The trade unions are now held responsible for this.
The authoritarian Republic of Belarus has now also banned the work of independent trade unions. Almost two years after the mass protests against the ruler Alexander Lukashenko, the judicial authorities based their decision on alleged extremist activities by several union leaders and members. The trade unions had taken part in an escalation of the situation, the Prosecutor General’s Office said on Tuesday in Minsk, citing a decision by the country’s Supreme Court.
After the controversial presidential election on August 9, 2020, Lukashenko had himself declared the winner again. This led to mass protests, which were brutally put down by the security forces. Several demonstrators died, hundreds were injured, and thousands were imprisoned. The authorities gave the unions some responsibility for the situation. At the time, the unions had also called for strikes in state-owned companies in order to paralyze Lukashenko’s power base.
For example, the Free Union of Metalworkers, the unions for employees in the mining, chemical and construction industries, among others, and the umbrella organization Belarusian Congress of Democratic Unions have now been banned.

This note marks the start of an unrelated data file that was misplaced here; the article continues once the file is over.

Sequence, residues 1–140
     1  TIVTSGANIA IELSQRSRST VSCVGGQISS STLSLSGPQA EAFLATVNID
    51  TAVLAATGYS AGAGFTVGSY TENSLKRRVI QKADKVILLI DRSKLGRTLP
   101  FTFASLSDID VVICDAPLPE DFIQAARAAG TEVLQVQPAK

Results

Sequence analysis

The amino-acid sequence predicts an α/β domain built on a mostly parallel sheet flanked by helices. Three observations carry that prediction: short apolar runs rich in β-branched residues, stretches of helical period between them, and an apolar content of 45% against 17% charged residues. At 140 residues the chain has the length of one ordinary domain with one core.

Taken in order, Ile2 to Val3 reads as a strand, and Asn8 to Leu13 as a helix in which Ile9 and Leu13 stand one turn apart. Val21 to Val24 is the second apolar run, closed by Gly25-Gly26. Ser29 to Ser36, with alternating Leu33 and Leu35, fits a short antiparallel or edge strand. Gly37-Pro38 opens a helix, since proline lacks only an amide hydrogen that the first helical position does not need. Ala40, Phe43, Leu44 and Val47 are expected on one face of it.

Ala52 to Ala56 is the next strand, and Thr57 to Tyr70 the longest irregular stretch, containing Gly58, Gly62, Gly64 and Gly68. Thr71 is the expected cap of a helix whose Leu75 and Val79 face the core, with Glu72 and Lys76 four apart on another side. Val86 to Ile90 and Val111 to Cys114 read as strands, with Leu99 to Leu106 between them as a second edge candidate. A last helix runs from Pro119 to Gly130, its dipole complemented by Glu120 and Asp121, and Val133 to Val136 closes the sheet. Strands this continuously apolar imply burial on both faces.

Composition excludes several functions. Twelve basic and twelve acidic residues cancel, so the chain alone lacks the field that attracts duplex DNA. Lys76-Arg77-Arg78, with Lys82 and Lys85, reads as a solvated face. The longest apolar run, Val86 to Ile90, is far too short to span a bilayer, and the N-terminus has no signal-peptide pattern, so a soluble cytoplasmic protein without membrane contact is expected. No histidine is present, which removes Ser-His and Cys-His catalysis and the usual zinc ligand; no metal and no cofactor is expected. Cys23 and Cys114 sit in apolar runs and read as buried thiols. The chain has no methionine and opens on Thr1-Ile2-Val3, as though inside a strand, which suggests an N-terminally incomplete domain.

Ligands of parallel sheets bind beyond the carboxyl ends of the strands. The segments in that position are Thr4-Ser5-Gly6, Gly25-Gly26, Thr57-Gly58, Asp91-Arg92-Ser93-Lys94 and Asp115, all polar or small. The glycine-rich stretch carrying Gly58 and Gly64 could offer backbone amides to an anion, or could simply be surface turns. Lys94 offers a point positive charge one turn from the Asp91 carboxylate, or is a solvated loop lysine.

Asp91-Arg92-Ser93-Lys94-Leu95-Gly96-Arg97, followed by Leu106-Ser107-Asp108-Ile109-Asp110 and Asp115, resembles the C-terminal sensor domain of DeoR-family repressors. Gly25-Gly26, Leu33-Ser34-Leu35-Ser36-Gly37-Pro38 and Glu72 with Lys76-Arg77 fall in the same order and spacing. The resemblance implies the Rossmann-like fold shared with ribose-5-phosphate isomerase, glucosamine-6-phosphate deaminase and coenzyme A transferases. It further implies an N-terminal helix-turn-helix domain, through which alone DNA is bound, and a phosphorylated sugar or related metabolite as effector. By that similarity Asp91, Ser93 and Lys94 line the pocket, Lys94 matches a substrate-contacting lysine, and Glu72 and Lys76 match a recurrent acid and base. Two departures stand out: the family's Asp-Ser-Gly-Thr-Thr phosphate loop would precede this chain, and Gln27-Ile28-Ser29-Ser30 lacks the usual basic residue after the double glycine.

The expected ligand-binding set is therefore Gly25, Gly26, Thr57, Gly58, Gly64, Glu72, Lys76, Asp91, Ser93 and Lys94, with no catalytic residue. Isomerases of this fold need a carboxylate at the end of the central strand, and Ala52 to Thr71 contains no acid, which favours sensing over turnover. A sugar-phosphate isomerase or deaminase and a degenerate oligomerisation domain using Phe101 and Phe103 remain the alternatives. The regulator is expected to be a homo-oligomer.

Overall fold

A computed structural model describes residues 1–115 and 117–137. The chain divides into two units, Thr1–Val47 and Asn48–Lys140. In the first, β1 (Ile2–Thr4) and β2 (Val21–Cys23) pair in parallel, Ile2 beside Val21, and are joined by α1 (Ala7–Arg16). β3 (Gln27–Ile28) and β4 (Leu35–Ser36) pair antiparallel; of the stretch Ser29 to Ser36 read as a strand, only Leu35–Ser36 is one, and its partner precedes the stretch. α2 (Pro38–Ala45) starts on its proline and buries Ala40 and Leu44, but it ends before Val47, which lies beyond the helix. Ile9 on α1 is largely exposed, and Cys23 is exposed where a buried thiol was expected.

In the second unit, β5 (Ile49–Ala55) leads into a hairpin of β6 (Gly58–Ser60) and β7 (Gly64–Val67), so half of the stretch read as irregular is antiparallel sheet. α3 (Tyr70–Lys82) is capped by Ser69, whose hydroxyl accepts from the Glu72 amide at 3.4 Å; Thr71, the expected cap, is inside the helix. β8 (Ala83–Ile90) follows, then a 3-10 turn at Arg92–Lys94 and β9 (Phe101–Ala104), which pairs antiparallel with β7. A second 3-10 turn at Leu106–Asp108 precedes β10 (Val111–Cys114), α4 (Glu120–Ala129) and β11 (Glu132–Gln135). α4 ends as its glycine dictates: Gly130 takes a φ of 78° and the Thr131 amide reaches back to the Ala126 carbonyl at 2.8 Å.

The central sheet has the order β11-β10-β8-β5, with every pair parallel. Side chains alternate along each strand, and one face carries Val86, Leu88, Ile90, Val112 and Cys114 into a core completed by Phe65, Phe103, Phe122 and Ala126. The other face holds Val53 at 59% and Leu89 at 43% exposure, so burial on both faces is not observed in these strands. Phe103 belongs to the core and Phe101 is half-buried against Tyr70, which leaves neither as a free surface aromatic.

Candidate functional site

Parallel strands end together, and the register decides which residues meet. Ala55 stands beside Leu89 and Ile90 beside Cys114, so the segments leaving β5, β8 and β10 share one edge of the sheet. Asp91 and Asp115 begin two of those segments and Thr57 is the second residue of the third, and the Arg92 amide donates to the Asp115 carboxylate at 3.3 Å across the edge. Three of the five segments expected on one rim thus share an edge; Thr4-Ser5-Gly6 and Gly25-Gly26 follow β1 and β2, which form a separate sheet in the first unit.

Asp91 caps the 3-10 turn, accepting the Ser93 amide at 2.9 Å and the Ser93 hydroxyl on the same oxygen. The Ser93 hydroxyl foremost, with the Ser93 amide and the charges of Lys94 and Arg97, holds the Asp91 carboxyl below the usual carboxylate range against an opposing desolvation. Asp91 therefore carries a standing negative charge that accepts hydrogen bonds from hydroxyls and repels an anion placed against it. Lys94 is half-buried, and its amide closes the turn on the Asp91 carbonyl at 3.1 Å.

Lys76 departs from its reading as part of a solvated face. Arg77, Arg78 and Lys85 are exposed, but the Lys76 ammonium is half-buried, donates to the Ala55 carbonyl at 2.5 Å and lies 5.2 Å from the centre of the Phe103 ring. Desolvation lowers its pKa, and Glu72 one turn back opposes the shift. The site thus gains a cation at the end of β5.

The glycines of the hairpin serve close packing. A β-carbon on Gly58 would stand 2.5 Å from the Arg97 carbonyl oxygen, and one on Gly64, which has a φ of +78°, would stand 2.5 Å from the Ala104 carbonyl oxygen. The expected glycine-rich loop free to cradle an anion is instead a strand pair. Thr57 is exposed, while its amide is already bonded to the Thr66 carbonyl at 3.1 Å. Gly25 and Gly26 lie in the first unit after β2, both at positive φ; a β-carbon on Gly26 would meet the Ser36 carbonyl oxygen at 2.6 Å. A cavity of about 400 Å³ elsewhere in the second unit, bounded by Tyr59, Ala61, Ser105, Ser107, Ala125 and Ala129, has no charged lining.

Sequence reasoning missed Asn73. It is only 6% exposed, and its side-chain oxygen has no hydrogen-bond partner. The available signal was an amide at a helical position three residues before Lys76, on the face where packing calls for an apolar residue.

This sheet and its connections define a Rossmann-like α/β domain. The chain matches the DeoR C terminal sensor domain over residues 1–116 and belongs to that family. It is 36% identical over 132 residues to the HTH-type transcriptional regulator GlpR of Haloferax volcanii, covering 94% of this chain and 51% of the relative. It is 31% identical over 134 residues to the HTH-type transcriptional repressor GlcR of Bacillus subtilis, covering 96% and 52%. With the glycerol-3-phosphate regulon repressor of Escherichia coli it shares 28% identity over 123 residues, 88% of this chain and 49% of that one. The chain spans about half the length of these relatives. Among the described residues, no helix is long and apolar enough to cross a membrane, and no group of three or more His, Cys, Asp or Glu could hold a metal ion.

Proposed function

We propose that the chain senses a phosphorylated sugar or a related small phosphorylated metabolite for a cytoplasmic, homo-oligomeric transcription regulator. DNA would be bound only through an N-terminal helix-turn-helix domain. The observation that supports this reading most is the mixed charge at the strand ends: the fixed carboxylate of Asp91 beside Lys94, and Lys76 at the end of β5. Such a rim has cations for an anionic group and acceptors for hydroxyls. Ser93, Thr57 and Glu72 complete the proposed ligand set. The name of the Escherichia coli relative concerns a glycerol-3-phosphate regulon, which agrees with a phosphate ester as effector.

Numerous human rights organizations are already banned
According to the Attorney General’s Office, criminal proceedings against trade unionists for participation in “destructive acts” are still pending.
The unions were also accused of receiving help from abroad for their anti-state work. The authorities had previously banned numerous human rights and non-governmental organizations in Belarus because Lukashenko, who is considered “Europe’s last dictator”, also blamed them for the mass protests.